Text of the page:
photo: Jenna Meacham
“The Antelope Valley is not the California most people imagine,” Chris McCormick writes. “This could be a good thing, but almost never is. The stories in McCormick’s debut collection, Desert Boys, are centered around Daley Kushner, a young man who grew up in Antelope Valley, left to go to school in Berkeley, and became a writer—much like McCormick himself. How much like, I wouldn’t know, but I can tell you that stories like “Mother, Godfather, Baby, Priest” and “You’re Always a Child When People Talk About Your Future” give a strong sense of what it must have been like to come of age as a gay, half-Armenian teenager in the desert north of Los Angeles in the years just after 9/11, and finding your way toward an adult identity as a twentysomething today.
I guess one reason for stories is the management of grief. The grief in question can be shared or private, but sometimes, fluttering between worlds, it can be both. Like a spirit, or—more interesting to me—like any regular person torn between an old home and a new home, or between belonging to a community and relying on an idea of selfhood, or between the raucousness of an inner life and the contrived but more palatable version we present to others. These conflicts, I think, are some of the prices we pay for freedom, and they only get more tangled and impossible to parse when grief, the fluttering kind, is involved.
Shaila Bhave, the narrator of Bharati Mukherjee’s “The Management of Grief,” has just lost her husband and sons to the terrorist bombing of Air India Flight 182. The plane—from Canada to Delhi through the UK—has exploded over Irish waters, killing the 329 people onboard, most of whom were Canadian-Indians visiting the country, and the family, they’d left behind.
Shaila—just one of hundreds in her community whose family has been ruptured by the attack—quickly garners a reputation as “a pillar,” somebody who has taken the tragedy “more calmly” than the others. But what others see as strength, Shaila understands to be a deep flaw: “This terrible calm will not go away.”
7 May 2016 | selling shorts |
photo: Ben Arons
I’m actually a bit jealous of the folks at Orbit who got to publish The Immortals, the debut novel by Jordanna Max Brodsky. I was lucky enough to read this story, which places the classical Greek pantheon into the modern suspense thriller, when it was making the rounds, and I was immediately impressed by the strength of Brodsky’s voice—it’s not just that the premise is cool, but that she fleshes it out with great characterizations, too. In this guest essay, she pulls back the curtain and explains some of the work that went into making her divine and human characters equally compelling. What she reveals makes perfect sense in retrospect, but she’s done it so well that it wouldn’t occur to you—or at least it didn’t to me—to think about the mechanics involved while you’re engrossed in the story.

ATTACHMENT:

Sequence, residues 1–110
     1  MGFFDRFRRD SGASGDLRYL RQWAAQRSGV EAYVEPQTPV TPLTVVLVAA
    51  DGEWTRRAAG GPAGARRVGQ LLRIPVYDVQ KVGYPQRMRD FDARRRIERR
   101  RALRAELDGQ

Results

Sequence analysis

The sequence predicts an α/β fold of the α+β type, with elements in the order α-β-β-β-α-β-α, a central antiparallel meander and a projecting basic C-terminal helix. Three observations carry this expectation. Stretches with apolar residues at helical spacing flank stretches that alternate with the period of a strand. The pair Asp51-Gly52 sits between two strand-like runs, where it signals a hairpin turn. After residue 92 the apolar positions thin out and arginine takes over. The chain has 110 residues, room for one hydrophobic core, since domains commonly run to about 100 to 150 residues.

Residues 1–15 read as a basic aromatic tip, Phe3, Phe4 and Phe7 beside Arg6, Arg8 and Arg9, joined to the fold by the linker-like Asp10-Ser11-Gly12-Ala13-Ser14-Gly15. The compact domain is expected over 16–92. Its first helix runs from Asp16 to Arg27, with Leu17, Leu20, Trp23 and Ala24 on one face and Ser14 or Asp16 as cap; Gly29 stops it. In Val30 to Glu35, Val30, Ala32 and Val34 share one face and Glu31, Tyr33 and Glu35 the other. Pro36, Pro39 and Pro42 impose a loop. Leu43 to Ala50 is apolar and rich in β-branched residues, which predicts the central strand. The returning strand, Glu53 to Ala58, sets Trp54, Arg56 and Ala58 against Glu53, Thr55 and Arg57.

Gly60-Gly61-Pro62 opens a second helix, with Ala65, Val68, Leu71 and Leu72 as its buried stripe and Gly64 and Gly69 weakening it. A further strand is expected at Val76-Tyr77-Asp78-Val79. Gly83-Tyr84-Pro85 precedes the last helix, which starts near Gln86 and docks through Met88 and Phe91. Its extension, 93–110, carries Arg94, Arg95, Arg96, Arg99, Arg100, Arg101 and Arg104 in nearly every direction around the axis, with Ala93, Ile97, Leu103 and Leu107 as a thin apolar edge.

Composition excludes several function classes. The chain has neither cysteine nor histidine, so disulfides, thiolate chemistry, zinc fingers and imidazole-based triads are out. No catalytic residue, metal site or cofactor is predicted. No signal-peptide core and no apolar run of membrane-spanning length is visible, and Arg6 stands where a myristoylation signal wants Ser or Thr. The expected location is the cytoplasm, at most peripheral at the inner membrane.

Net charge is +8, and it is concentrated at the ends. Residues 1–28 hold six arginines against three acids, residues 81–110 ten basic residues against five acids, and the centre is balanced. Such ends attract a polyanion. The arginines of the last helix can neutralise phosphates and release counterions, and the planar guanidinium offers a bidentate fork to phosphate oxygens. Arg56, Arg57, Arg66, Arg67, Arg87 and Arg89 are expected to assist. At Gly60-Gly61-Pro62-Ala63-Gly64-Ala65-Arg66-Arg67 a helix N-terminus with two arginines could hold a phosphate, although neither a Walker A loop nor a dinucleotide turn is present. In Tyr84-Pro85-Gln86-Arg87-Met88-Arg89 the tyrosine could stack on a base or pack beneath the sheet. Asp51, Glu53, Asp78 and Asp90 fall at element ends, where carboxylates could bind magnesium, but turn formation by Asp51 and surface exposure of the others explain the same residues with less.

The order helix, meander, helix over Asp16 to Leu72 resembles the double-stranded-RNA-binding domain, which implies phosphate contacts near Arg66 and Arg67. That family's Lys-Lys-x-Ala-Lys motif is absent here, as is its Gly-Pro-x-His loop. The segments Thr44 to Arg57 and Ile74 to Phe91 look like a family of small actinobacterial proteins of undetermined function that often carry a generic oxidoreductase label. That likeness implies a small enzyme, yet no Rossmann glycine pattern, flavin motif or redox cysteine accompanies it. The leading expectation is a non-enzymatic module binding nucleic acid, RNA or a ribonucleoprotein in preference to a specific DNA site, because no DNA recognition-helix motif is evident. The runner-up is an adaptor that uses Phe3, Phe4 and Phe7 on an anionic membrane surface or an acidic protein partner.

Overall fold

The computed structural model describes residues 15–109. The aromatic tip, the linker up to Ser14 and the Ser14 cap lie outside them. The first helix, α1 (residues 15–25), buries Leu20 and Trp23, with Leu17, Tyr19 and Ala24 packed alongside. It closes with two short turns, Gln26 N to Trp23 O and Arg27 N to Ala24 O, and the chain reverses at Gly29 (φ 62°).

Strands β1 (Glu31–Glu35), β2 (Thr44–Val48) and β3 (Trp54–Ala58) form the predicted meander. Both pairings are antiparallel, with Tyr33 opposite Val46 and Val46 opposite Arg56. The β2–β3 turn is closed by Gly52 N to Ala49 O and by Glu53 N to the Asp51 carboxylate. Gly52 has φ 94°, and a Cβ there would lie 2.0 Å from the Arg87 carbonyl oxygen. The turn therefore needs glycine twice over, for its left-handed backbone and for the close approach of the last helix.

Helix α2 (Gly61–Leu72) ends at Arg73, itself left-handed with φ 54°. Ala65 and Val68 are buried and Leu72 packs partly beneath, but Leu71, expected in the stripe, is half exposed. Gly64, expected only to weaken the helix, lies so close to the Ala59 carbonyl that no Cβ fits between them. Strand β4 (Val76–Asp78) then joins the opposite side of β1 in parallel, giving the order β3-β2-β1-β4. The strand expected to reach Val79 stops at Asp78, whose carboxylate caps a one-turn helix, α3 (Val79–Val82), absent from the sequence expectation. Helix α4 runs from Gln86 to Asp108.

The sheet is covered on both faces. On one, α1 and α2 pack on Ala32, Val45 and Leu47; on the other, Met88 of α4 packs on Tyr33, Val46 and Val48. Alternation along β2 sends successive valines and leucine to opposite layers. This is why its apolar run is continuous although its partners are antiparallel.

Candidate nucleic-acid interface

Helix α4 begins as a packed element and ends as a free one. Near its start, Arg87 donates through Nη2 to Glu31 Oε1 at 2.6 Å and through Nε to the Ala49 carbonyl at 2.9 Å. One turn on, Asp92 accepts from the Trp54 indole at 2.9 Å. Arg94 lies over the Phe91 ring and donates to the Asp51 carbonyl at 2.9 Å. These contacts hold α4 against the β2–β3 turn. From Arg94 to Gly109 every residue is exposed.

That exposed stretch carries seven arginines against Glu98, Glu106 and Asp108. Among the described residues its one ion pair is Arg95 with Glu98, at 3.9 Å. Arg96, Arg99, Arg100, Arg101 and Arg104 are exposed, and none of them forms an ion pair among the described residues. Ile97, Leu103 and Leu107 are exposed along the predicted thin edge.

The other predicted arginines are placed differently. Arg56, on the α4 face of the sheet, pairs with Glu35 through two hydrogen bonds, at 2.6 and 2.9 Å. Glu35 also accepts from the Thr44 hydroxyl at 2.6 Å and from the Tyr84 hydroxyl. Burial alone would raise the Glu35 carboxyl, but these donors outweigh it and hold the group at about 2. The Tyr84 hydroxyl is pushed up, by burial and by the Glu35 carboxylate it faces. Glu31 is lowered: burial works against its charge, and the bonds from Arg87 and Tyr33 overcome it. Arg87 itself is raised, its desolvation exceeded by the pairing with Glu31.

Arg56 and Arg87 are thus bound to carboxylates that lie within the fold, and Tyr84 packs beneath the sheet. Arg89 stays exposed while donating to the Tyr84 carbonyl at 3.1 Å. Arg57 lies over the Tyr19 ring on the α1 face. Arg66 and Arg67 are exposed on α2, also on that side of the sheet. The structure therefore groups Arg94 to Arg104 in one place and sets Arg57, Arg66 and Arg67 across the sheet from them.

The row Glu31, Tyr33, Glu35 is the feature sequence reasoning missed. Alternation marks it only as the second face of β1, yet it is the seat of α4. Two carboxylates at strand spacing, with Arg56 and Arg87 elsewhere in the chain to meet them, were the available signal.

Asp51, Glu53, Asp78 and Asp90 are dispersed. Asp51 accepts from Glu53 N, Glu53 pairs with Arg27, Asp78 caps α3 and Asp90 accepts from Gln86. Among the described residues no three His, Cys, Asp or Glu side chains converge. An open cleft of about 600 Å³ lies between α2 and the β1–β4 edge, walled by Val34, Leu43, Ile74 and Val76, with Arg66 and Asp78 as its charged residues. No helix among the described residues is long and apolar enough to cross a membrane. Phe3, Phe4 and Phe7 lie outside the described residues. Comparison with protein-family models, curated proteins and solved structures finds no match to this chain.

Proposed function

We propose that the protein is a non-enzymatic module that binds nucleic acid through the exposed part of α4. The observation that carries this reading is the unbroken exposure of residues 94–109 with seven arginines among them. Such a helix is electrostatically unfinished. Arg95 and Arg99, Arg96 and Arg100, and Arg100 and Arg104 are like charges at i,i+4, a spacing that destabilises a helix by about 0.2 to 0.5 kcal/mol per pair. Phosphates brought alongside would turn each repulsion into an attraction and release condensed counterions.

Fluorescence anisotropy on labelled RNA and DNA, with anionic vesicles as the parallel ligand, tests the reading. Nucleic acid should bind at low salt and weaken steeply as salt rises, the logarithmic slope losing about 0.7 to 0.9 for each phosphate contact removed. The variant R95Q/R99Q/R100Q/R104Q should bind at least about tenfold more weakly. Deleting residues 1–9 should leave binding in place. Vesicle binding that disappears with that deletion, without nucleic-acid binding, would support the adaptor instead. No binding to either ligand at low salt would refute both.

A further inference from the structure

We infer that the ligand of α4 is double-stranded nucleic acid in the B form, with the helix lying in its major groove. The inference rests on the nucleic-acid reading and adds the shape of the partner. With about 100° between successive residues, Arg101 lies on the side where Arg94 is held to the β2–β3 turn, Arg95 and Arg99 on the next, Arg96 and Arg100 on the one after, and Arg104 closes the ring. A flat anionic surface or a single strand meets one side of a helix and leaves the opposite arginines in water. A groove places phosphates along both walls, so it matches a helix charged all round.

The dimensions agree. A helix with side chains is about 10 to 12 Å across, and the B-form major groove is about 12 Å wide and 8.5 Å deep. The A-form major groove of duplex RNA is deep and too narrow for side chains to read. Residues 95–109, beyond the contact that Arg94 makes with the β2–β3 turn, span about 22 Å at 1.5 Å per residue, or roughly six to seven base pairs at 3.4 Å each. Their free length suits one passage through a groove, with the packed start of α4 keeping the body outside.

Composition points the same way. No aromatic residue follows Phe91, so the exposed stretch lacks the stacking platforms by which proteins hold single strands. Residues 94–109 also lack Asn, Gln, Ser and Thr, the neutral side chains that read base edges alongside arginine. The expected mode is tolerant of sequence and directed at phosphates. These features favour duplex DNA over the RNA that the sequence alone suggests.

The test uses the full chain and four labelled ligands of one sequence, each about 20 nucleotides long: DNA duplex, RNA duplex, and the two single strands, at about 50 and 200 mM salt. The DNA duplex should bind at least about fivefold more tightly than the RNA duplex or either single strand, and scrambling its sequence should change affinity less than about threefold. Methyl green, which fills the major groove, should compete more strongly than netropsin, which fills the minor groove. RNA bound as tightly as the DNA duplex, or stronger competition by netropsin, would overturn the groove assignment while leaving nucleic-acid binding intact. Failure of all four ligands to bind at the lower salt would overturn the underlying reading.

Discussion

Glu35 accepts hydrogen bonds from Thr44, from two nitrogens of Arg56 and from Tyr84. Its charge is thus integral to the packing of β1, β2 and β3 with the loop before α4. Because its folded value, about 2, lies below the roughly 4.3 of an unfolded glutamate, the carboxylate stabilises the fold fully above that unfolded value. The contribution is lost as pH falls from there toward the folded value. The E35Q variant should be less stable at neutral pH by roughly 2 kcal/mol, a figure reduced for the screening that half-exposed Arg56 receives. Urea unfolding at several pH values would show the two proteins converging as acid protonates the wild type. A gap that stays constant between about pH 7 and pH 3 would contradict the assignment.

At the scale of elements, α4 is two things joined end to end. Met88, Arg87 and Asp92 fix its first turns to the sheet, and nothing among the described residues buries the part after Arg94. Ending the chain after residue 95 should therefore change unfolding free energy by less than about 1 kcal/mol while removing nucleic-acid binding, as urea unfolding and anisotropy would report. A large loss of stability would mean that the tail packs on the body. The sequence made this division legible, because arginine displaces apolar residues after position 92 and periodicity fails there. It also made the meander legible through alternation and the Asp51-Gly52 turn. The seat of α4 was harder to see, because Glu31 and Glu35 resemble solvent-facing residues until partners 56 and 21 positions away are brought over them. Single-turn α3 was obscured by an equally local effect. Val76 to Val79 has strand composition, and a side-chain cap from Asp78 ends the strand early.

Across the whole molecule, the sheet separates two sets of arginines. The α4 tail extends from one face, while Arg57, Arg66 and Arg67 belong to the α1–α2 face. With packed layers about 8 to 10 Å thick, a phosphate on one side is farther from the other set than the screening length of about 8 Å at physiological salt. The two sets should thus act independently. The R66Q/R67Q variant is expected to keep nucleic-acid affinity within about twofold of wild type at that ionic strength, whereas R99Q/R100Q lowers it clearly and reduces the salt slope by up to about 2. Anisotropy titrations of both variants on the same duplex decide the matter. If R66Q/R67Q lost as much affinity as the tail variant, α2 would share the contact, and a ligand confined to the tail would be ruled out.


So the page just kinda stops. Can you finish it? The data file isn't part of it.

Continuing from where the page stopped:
I consider myself an unrepentant nerd. Academic over-achiever, Star Wars aficionado, player of board games, avoider of all things athletic. The heroine of The Immortals, on the other hand, is Selene DiSilva, a bow-wielding, ass-kicking, hard-as-nails vigilante who also just happens to be the Greek goddess Artemis living in modern day Manhattan. So my nerdophilic proclivities wound up centered squarely on the male protagonist of the book instead: Theodore Schultz, classics professor. Selene is stronger than he is, far more violent, and less emotionally vulnerable. In my mind, they make a perfect opposites-attract couple.
Most of my female friends agreed with my perspective when I asked them to read a draft. Theo is just the kind of guy they want around—a talker, a listener, and all around brilliant thinker. Then I let some male friends give me feedback and… boom! My blithe reversal of gender stereotypes ran smack dab into a brick wall of testosterone.
“Why is Theo a wimp?” they demanded. (He’s not a wimp, I’d reply, he’s just not into violence.) “Why is he such a nerd?” they asked. (He’s a classicist! Did you expect him to be the cool kid in school?)
Cue the throwing up of hands, the rolling of eyes, the “Why don’t you just make him a detective? Make him cool and calm and tough.” Then my equally frustrated reply: “Because Selene is all those things! She used to be a cop! She’s the Huntress, for goodness sake. She certainly doesn’t need a man to teach her how to track a killer or use a bow.”
18 April 2016 | guest authors |